Thanks to my global sisterhood of blogging buddies that keep me inspired!
As the guidelines go:
Link back to X-pat Files From Overseas
Reveal seven little-known facts about yourself
Nominate 7 of your favorite bloggers for the “Inspiring Blog Award”, contact the nominees and give them the guidelines.
“You don’t have to be a victim of your environment. You learn that through sports, you learn that through teamwork. You decide who you want to be and then you go pursue that. “ I learned this key lesson from my college coach, Jill Hutchinson, a legend in women’s basketball. With that mindset, it is no surprise Jill influenced the lives of so many young women in her 28-year tenure as ISU.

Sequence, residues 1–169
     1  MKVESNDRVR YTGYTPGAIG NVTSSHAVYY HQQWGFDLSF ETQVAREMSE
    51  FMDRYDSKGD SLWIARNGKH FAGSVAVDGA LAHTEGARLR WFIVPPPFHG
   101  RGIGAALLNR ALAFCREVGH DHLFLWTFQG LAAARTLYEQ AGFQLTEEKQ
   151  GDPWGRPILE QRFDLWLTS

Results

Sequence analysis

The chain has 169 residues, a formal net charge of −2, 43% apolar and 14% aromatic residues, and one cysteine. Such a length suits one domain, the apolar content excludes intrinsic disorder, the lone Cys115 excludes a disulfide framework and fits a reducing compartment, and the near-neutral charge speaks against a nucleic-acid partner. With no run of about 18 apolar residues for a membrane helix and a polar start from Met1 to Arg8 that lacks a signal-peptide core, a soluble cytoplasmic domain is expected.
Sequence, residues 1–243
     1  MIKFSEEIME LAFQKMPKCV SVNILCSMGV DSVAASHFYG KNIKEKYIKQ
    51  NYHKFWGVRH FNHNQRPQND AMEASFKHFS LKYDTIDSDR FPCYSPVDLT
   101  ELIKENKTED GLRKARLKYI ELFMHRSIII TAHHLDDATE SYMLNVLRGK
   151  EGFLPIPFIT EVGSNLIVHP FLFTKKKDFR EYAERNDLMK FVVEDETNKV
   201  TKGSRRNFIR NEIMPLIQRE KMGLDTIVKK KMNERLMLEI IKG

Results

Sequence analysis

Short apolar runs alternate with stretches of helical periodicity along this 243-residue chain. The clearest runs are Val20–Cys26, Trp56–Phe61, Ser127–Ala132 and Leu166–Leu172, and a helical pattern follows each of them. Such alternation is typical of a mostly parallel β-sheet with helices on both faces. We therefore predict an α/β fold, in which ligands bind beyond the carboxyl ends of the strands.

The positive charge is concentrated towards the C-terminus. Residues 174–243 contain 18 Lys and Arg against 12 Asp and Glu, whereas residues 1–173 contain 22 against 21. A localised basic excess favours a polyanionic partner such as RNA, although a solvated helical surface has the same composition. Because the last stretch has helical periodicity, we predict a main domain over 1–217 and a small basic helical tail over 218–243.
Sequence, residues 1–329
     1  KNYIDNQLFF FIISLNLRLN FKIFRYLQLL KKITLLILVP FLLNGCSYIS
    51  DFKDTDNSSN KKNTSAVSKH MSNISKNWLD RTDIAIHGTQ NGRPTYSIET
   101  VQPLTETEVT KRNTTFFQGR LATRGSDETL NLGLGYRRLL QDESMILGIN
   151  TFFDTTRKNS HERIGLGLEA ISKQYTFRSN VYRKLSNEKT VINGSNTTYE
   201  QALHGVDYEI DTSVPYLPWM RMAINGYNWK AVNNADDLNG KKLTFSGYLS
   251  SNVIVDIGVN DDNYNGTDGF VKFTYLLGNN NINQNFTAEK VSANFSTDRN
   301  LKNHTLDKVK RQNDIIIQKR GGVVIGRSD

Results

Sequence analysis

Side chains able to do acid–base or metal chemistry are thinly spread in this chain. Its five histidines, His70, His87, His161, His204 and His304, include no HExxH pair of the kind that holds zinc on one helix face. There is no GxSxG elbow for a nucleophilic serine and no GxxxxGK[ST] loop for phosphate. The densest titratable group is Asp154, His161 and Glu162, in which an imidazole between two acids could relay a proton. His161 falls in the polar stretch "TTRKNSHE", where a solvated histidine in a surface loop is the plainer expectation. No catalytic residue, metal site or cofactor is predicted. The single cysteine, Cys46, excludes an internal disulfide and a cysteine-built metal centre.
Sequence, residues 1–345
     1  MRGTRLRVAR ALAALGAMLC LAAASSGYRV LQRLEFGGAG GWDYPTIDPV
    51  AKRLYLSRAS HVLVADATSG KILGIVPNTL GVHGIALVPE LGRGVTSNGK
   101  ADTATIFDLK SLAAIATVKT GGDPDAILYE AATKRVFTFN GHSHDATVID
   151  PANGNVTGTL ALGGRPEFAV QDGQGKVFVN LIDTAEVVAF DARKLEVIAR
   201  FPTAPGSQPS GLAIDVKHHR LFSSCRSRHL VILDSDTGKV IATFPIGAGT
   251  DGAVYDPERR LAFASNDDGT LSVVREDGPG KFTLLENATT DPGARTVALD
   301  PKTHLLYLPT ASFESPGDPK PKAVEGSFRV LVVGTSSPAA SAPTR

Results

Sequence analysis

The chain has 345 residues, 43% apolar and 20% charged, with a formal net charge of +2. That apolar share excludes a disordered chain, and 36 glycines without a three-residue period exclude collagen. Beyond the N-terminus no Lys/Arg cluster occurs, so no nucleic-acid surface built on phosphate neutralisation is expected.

She refused to be a victim of gender.
Historically in America, women and sports were incompatible. While at University of New Mexico (1963-1967), Hutchinson was reprimanded for competing in a national tournament in Gallup, NM as part of an AAU state championship team. When a professor, who was then president of the Division of Girls and Women’s Sport (DGWS), announced that women were not suited for team sport, Jill challenged her comment in class.
“She ripped me from one end to the other,” Hutchinson recounted. “I walked out of class in tears. I remember telling some kids in class that I was going to make sure girls have an opportunity to play.”
Before the time women were recruited, I chose Illinois State University on a gut feeling. Coach Jill Hutchinson won me over with her enthusiasm for life and the game.
Coach Hutchinson with Coach McKinzie
Not only were female athletes new, but women coaches were an anomaly.